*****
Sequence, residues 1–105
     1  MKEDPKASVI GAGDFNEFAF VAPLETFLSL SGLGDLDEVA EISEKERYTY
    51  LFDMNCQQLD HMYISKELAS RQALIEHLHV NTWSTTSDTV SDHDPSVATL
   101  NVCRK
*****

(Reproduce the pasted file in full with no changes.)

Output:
Sequence, residues 1–105
     1  MKEDPKASVI GAGDFNEFAF VAPLETFLSL SGLGDLDEVA EISEKERYTY
    51  LFDMNCQQLD HMYISKELAS RQALIEHLHV NTWSTTSDTV SDHDPSVATL
   101  NVCRK